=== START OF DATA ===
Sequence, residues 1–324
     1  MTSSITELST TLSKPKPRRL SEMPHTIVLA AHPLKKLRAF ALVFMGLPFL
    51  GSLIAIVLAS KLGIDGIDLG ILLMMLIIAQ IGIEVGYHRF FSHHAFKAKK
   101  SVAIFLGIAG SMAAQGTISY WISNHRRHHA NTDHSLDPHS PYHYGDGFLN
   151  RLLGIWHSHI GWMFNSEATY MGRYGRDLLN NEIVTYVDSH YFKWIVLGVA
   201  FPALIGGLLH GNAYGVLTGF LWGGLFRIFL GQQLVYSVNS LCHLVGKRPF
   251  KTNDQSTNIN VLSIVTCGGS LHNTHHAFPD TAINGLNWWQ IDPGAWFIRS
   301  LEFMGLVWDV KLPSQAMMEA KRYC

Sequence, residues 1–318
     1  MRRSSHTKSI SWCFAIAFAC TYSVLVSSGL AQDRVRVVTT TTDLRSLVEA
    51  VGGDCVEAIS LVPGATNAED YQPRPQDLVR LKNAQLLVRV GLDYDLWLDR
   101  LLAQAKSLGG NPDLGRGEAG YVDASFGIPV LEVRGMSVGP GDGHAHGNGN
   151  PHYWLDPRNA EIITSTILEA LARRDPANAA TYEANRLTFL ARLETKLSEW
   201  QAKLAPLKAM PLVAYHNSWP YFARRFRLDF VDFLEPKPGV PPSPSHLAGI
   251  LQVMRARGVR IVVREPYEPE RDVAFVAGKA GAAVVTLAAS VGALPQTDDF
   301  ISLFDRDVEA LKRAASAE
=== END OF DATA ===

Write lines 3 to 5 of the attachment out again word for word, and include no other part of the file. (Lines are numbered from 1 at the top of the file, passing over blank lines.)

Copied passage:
    51  GSLIAIVLAS KLGIDGIDLG ILLMMLIIAQ IGIEVGYHRF FSHHAFKAKK
   101  SVAIFLGIAG SMAAQGTISY WISNHRRHHA NTDHSLDPHS PYHYGDGFLN
   151  RLLGIWHSHI GWMFNSEATY MGRYGRDLLN NEIVTYVDSH YFKWIVLGVA